Freshmen entering their first year of college may sometimes feel like a deer caught in headlights. That wasn’t the case for Nathan Cowley, who enrolled at Mississippi State with a laser-sharp focus.
Cowley, a rising sophomore wildlife, fisheries and aquaculture major, has always set his sights on ambitious personal and career goals. When deciding on a career path, he knew he wanted to foster his passion for hunting and fishing. When choosing a university, he researched those offering the best degree programs in his prospective field. After a visit to MSU and the College of Forest Resources, he knew this was the place for him.
“I toured the College of Forest Resources, and it was a whole different experience than any other college campus I’d visited,” said the Wake Forest, North Carolina native. “I could tell that everyone I spoke to truly wanted me to be a part of this program.”
Within three weeks of making the move to Starkville, Cowley began his freshman year by securing a research assistant position with the MSU Deer Ecology and Management Lab.
“When I first started, I worked under Miranda Huang, a research associate, conducting surveys and processing data for her research on chronic wasting disease in deer,” said Cowley.
Chronic wasting disease, or CWD, is a contagious, fatal, neurological disease that affects deer, including white-tailed deer, mule deer, elk, moose and caribou. It causes a spongy degeneration of the infected animal’s brain. It also causes the animal to lose weight, which is why CWD is called a “wasting” disease.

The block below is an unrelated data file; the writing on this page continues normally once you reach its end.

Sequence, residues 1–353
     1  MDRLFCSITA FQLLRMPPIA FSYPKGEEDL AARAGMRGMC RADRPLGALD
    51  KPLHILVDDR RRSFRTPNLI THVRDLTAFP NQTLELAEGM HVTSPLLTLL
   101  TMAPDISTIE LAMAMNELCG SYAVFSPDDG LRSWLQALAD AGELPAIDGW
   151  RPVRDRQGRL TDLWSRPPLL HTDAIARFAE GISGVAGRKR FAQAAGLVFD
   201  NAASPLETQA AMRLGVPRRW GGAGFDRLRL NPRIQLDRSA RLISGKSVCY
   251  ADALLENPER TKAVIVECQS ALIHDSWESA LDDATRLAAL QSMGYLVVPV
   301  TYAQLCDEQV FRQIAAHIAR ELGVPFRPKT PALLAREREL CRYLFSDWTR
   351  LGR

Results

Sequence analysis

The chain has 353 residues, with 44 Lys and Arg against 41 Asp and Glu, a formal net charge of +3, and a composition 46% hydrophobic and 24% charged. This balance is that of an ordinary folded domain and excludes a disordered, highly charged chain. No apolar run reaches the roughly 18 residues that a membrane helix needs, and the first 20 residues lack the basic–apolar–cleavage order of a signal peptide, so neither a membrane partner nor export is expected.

Cowley’s work with Huang seeks to determine how differing social groups, patterns and rutting activity may progress the spread of the disease through the population. He sorts through the data produced by trail cameras to identify individual bucks by their unique antler and body characteristics. He also determines which bucks frequent the same area together, using the same scrapes—markings deer leave behind on trees and soil—and possibly transmitting chronic wasting disease.
Cowley’s work in the MSU Deer Ecology and Management Lab has helped refine his path. His academic concentration is the scientific side of the wildlife, fisheries and aquaculture major, and his plans are to delve deeper into the “why” behind wildlife behaviors. After graduation, he hopes to further the research and application of wildlife conservation and education of habitat management for natural resource companies.
“One of the largest misconceptions of the industry is that sportsmen only want to take from the natural resources available and not care for wildlife,” said Cowley. “Being an avid sportsman myself for many years now, I can testify that this thought process is false. Sportsmen like me care more because we want to preserve the activities we all enjoy for future generations.”